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Youth and Social Media

Conflicting evidence
My primary gripe about this article lays in the fact that they outline obvious shortcomings that new jobseekers have — lack of experience and an inability to do everything that the current job market demands — while also describing fallacies about today’s youth that are becoming self-fulfilling prophecies.

The articles we have brought you about social media and youthful hires may have sounded like we were giving you conflicting evidence. Although I recommend using a committed employee for your social media strategy instead of an intern, I also suggest that searching for youth is a possible way to get fresh ideas. I stand by both sets of advice, however, it was not until I came across an article from Inc.com  that gave explicit advice not to hire a 23 year old, did I realize that my advice might have been somewhat confusing. This article outlined a set of stereotypes about today’s youth that are both non-factual and could be possibly discriminatory.

So, let me take this opportunity to clear up the advice I have given to help you make the right decisions about your social media. Perhaps in doing so, I should be positive about the things you should do, instead of being negative by regarding the things that you shouldn’t. For starters, I have said in the past, “Never hire an intern to do your social media.” While I stand by that, I should re-phrase my previously made point. Make sure that the person you have handle your social media is both committed to your company and full time. Make sure that you won’t lose this person when he goes back to class.

The Inc.com article that I am referring to, “11 Reasons a 23-Year-Old Shouldn't Run Your Social Media,” paints freshly minted college grads as immature kids that don’t have the slightest ability to choose their friends wisely or manage their time effectively. My primary gripe about this article lays in the fact that they outline obvious shortcomings that new jobseekers have — lack of experience and an inability to do everything that the current job market demands — while also describing fallacies about today’s youth that are becoming self-fulfilling prophecies.

For example, the first point that Hollis Thomases, the author of this article, makes is that new jobseekers just aren’t mature enough to tackle real-life employment. Never mind that the author has had a highly successful career, in which someone probably overlooked her obvious shortcomings and gave her a chance. The author also cites a study that indicates that today’s youth are less likely to settle down, thus are clearly not prepared for a career. Like many of the points this article outlines, I humbly disagree. The fact that kids today are putting off marriage and families to focus on what they can do with their own talents is both a testament to their maturity and work ethic. This is not to say that you should hire a recent college grad on the spot. It is merely to point out that assuming 23 year olds are unable to do a job can literally make them incapable of doing it.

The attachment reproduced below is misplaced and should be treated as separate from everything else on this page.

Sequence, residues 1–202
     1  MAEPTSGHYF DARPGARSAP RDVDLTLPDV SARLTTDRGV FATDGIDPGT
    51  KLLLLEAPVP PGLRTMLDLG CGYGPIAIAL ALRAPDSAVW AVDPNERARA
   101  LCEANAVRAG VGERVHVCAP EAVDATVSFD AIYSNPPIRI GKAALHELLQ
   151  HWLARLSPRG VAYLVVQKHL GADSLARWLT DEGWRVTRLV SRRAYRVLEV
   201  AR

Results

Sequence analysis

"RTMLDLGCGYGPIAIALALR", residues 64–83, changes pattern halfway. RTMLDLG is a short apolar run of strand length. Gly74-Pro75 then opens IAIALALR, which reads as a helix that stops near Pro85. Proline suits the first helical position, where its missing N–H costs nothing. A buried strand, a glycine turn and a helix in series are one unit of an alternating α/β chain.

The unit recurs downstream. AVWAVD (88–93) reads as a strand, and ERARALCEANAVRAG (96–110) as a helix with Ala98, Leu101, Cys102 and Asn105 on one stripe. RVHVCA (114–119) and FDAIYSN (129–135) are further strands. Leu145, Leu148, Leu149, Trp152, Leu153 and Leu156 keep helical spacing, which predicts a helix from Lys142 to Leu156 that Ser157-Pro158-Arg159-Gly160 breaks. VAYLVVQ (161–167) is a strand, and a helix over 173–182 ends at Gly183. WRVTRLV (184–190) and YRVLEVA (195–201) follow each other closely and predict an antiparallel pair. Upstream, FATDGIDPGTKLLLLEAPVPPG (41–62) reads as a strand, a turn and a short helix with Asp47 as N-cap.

This article also outlines the obvious shortcomings of new jobseekers; they have an unavoidable lack of experience. This is just one of those things you are going to have to get past if you ever want employees again. The current workforce can’t work forever, and if you want a work force at all, you are going to have to hire people who lack some of the long list of qualifications you desire. Experience, while valuable, is no indicator of promise or potential. That said, potential is no indicator of success.

In short, the best thing to do is realize that all candidates come with a set of issues. No, youthful candidates don’t have the experience that you desire, but don’t assume that they are immature or can’t handle the responsibility. If you genuinely think that someone would do the job you have to offer well, give them a shot. Interview them like everybody else and treat them no differently. Just make sure that you give each position the time that it deserves and realize that every facet of your company needs the best person to manage it.